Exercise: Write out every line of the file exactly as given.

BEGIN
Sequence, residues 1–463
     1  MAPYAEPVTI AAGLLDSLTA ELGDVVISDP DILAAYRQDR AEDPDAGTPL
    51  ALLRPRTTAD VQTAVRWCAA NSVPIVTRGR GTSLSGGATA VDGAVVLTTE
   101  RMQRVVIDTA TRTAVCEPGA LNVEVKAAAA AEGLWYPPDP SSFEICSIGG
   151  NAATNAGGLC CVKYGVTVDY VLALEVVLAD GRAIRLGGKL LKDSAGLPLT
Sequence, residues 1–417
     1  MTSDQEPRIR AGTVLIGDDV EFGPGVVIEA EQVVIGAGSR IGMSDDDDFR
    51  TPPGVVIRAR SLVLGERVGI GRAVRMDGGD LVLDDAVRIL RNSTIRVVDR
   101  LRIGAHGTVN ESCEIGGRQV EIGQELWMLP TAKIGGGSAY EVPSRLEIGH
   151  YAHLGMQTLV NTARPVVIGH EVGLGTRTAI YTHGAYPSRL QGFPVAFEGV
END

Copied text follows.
Sequence, residues 1–463
     1  MAPYAEPVTI AAGLLDSLTA ELGDVVISDP DILAAYRQDR AEDPDAGTPL
    51  ALLRPRTTAD VQTAVRWCAA NSVPIVTRGR GTSLSGGATA VDGAVVLTTE
   101  RMQRVVIDTA TRTAVCEPGA LNVEVKAAAA AEGLWYPPDP SSFEICSIGG
   151  NAATNAGGLC CVKYGVTVDY VLALEVVLAD GRAIRLGGKL LKDSAGLPLT
Sequence, residues 1–417
     1  MTSDQEPRIR AGTVLIGDDV EFGPGVVIEA EQVVIGAGSR IGMSDDDDFR
    51  TPPGVVIRAR SLVLGERVGI GRAVRMDGGD LVLDDAVRIL RNSTIRVVDR
   101  LRIGAHGTVN ESCEIGGRQV EIGQELWMLP TAKIGGGSAY EVPSRLEIGH
   151  YAHLGMQTLV NTARPVVIGH EVGLGTRTAI YTHGAYPSRL QGFPVAFEGV